EVACUATED STUDENTS – La Conner Schools emptied their classrooms on Monday as students participated in a disaster drill. They were “evacuated” to hilltop locations in town. – Photo by Maria Matson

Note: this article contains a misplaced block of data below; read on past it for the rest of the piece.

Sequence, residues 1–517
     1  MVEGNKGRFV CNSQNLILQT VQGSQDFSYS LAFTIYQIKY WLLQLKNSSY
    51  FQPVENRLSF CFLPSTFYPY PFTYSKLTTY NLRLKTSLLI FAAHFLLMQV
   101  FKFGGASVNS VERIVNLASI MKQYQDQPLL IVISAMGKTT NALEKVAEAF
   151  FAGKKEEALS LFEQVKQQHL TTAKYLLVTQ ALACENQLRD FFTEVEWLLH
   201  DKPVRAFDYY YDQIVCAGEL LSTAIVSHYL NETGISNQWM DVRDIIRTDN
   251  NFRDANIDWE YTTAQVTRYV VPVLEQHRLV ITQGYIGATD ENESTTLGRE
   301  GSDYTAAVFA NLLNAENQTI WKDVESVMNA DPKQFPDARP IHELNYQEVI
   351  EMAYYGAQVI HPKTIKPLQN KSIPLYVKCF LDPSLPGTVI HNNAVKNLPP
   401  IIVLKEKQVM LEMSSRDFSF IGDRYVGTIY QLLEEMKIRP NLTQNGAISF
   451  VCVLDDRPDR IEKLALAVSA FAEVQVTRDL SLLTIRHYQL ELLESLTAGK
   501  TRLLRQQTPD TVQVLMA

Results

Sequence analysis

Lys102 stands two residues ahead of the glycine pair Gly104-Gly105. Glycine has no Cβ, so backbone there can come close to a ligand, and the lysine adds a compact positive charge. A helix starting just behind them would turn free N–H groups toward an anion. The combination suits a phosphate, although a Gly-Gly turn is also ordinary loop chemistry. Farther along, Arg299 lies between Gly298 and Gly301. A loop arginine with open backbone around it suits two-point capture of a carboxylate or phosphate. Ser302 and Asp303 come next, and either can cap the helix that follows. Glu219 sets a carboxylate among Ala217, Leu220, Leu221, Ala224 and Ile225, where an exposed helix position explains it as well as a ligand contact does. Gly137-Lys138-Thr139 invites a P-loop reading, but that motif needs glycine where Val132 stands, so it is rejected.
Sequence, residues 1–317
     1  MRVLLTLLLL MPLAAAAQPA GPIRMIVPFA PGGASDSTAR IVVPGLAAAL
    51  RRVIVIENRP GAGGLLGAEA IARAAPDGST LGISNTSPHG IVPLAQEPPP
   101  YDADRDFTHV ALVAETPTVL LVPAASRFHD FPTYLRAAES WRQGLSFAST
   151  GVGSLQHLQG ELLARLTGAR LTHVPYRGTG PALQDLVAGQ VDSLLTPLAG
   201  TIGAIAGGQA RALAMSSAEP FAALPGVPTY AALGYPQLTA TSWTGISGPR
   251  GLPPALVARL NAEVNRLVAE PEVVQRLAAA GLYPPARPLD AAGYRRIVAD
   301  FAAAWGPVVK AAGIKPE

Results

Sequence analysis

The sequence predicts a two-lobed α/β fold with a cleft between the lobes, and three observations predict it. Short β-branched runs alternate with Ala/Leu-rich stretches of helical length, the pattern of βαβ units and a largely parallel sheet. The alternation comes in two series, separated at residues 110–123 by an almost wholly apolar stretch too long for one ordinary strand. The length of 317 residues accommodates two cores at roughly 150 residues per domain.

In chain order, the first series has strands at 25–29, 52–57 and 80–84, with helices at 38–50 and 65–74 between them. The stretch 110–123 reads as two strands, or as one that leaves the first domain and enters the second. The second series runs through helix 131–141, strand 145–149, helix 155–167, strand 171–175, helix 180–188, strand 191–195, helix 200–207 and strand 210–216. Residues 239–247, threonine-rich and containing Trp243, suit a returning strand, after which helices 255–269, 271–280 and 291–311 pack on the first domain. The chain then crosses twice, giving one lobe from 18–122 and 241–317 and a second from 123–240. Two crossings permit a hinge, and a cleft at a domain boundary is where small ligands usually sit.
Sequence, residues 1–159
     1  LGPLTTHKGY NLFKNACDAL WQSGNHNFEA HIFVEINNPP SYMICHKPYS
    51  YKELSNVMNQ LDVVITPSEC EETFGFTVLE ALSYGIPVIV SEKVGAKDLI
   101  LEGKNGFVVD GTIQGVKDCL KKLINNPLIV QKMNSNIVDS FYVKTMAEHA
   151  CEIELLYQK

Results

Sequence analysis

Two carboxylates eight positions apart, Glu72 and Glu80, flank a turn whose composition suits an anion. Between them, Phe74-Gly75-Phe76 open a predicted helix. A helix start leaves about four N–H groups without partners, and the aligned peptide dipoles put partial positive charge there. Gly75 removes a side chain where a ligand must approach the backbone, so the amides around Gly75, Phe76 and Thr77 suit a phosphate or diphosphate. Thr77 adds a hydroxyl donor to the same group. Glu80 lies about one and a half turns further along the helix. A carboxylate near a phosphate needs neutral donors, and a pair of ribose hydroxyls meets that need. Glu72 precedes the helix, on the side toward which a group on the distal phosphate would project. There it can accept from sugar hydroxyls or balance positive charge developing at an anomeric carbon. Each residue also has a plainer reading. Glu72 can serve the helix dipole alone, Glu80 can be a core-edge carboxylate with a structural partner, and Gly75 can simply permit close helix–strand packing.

La Conner Schools is embracing a philosophy of “prepare today for tomorrow” when it comes to getting ready for disasters in a world that isn’t always perfect. Students and staff braved rain on Monday afternoon as they walked to three “safe” locations on the hill in town after evacuating the school for the district’s new “all-school evacuation drill.” Floods, tsunamis and school shootings are all things that could prompt a school evacuation, John Aguilar, the school’s security specialist, said. A key part of the drill was getting students to higher ground. The middle school and high school students walked briskly to the Garden Club and the United Methodist Church, and the elementary students were bussed to the Sacred Heart Catholic Church, all hilltop locations in town. He even prepared for the possibility that the Rainbow Bridge might not lead students to safer grounds, Aguilar said. “We didn’t want to cross the bridge in the event there’s no bridge to cross,” he said. Each school completely vacated within a couple of minutes, and “they were in a wonderful mood,” he said of the students’ reaction to the surprise drill. “They were very positive.” The school currently conducts fire drills, earthquake drills and two types of lockdown drills, Aguilar said. But a few months ago, he and interim superintendent Peg Seeling realized they didn’t have a drill practicing a response for a major disaster that would leave the buildings unsafe, such as floods or earthquake damage. Skagit County Sheriff’s Sgt. Tobin Meyer, commander of the La Conner detachment, was directing traffic on Morris Street to ensure the students made it safely across their route. Meyer said he was pleased to see the school rehearse their safety routine. “Because when you need it, it’ll be chaos,” Meyer said. “It’s better to work out the kinks now.” Aguilar said he’s received good feedback so far from staff about the new drill, which will be done at least once a year. “They were impressed with the students,” he said.